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HEIDELBERG, Germany — More than a decade ago, U.S. soldiers and families stationed in Europe received nearly all their medical care at 11 U.S. military hospitals and 54 clinics.

But as 2007 begins, with just two remaining U.S. Army hospitals — Landstuhl and Heidelberg — and 24 clinics, more and more medical care is being referred to local European physicians. That has been an adjustment for many Americans.

“The biggest problem we have is meeting the expectations of our beneficiaries. For many soldiers and families, that expectation is to be seen in an Army hospital or clinic,” said Brig. Gen. David Rubenstein, commander of the European Regional Medical Command.

The majority of the more than 5,000 daily outpatient visits are in Army clinics or the two hospitals, which specialize, he said, in “babies and bones.”

But about half of the 60 in-patients, on average, in Germany every day are in German hospitals. In Italy and Belgium, where there are no U.S. Army hospitals, (although a birthing center opened in 2005 in Vicenza, Italy) the percentage is much higher.

“For the past 10 years, as we’ve been closing hospitals, more and more of our patients are being admitted into local hospitals,” he said. “My biggest challenge is to ensure that they’re comfortable with where and how they receive health care.”

Rubenstein says that’s being managed with such things as patient liaisons, bilingual workers assigned to every U.S. patient in a European hospital, and he lauds the care provided by European doctors. Although he also says, “I would put an Army physician up against any physician, anywhere.”

As the number of U.S. Army Europe soldiers becomes fewer with transformation and as bases scattered throughout Germany have become centralized into several hubs, one of Rubenstein’s jobs is to figure out which facility to close when, how to avoid gaps in care, and where to expand — all in a financially responsible way while paying attention to people’s medical needs.

“Transformation to me is knowing when to close a facility. Ideally, the last building to close is the clinic,” Rubenstein said. “If there are still soldiers and families in the community, we use our network of German providers and provide that care.”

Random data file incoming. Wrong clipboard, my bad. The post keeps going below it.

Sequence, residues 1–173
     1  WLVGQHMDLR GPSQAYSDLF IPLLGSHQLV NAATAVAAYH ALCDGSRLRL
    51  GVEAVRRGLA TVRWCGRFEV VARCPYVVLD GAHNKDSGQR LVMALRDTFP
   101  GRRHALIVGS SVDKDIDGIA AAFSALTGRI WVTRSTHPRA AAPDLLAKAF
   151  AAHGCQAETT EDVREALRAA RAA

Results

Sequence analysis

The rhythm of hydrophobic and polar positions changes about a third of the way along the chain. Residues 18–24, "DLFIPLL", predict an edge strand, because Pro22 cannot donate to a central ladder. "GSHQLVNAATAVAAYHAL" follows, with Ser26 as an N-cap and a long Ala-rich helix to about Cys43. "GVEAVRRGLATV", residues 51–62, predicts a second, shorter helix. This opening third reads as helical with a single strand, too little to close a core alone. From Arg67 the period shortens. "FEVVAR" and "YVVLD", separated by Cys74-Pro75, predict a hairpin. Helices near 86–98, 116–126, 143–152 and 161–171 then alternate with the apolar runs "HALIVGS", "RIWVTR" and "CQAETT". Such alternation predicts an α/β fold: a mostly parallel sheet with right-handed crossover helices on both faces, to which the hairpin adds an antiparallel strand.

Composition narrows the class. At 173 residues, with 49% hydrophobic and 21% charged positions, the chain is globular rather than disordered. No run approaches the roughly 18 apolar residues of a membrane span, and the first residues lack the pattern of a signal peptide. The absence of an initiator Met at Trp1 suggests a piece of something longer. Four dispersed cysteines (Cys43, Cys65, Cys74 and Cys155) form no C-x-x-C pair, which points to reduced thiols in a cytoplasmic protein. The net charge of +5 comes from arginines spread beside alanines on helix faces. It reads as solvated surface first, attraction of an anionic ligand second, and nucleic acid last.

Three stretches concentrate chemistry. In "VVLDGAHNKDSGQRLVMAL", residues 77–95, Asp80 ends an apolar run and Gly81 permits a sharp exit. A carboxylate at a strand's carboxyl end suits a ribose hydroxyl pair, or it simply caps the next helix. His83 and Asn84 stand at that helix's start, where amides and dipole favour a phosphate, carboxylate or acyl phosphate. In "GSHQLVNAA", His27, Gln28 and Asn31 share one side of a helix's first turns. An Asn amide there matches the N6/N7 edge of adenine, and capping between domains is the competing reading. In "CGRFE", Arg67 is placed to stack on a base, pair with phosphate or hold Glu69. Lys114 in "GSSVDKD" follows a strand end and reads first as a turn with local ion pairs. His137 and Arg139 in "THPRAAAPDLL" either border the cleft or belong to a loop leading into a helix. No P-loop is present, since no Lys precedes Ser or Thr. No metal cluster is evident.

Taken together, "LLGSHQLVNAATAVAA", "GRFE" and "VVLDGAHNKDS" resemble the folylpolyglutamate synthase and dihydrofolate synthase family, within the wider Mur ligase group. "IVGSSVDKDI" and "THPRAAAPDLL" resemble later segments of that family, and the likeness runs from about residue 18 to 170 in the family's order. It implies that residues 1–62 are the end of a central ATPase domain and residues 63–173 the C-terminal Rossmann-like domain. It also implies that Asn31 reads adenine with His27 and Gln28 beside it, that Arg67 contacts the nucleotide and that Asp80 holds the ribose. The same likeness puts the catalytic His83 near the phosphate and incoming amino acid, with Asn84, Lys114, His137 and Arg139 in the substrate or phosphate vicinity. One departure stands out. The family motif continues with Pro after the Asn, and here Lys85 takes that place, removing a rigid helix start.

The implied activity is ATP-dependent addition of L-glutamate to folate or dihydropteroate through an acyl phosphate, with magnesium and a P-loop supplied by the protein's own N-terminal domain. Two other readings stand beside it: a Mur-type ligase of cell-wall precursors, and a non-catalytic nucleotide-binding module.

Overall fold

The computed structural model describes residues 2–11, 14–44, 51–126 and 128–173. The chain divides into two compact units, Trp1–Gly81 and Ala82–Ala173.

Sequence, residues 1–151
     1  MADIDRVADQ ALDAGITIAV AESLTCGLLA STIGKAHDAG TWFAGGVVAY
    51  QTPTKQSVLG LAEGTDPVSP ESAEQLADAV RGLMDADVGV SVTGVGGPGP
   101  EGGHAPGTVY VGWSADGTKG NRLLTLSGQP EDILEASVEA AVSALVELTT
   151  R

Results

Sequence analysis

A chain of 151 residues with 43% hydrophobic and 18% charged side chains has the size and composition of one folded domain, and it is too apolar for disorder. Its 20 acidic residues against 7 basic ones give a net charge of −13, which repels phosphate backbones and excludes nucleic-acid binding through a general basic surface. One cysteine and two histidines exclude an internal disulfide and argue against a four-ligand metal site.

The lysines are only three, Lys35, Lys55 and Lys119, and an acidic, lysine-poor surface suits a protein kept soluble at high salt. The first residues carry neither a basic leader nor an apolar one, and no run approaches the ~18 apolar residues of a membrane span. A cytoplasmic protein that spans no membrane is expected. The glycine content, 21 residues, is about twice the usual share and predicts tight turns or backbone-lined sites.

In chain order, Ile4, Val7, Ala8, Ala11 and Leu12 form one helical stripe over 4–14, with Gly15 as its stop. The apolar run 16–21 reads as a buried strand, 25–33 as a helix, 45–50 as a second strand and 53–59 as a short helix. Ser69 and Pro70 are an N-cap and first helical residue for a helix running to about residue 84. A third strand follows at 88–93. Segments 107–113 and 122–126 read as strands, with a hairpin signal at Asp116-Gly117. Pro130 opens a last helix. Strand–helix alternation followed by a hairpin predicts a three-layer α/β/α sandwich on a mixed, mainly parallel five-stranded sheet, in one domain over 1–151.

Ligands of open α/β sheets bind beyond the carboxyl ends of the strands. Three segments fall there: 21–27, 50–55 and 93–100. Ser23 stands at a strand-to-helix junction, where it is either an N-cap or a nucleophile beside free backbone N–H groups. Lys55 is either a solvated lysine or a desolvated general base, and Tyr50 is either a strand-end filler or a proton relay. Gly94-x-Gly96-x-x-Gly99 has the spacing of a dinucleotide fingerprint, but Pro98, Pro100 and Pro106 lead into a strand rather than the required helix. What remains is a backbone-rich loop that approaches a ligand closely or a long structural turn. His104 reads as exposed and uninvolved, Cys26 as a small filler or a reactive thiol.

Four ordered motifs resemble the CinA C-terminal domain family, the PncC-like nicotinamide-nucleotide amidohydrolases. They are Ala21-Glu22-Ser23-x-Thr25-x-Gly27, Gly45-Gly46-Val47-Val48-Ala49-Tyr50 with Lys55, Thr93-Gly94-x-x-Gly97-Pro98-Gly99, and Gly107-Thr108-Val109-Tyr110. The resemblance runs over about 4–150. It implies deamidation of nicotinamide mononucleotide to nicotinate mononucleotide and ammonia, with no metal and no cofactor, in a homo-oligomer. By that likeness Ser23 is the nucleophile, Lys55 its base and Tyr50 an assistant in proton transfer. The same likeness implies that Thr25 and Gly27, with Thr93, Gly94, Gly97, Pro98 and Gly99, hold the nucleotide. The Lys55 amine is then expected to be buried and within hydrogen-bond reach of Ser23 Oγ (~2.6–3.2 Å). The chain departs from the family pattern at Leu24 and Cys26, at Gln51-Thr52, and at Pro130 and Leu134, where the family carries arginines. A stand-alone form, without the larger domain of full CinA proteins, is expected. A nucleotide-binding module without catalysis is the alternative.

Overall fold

And there are other concerns.

“The other big mission we have is to stay in business,” Rubenstein said. “If we’re not being efficient, it becomes cheaper for the big system to just shut us down and send everybody downtown” to local doctors.

So, for instance, in deciding how best to provide orthopedic surgery in Bavaria, should he ask for another surgeon? Or base the one he has at one clinic and send him out to provide care monthly at other bases?

The latter idea was chosen last summer after the Würzburg Hospital, by then with a very low patient census because the 1st Infantry Division had been repositioned in the U.S., closed down, along with three clinics.

But it’s not all closings. Landstuhl is expected to be expanded, hinging on congressional approval, with construction expected to begin in about four years, he said.

Other areas where troops will remain — Grafenwöhr, Vilseck in Germany and Vicenza — are getting new and renovated clinics. In 2005, a birthing center opened in Vicenza because American mothers-to-be were not all comfortable delivering in Italian hospitals.

“That was a tremendous dissatisfier,” Rubenstein said. “General B.B. Bell (former USAREUR commander) heard it over and over, and he decided women in Italy would have that.”

“English-speaking is a big deal,” said one expectant mother when the center opened. “I want to know what’s going on. And I don’t want to have to wait for a translator to tell me.”

Rubenstein, who took command of ERMC last summer and held previous postings as Landstuhl commander, 30th Medical Brigade commander and ERMC chief of staff, said challenges in staffing and closing facilities don’t change his goal as commander.

“When I walk away from here, I want it to be a compassionate military health-care system with trained and ready-to-deploy units, competent, values-driven people and informed, self-sufficient families,” he said. “All our decisions, effort, money and time are focused on that.”

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Nancy is an Italy-based reporter for Stars and Stripes who writes about military health, legal and social issues. An upstate New York native who served three years in the U.S. Army before graduating from the University of Arizona, she previously worked at The Anchorage Daily News and The Seattle Times. Over her nearly 40-year journalism career she’s won several regional and national awards for her stories and was part of a newsroom-wide team at the Anchorage Daily News that was awarded the 1989 Pulitzer Prize for Public Service.
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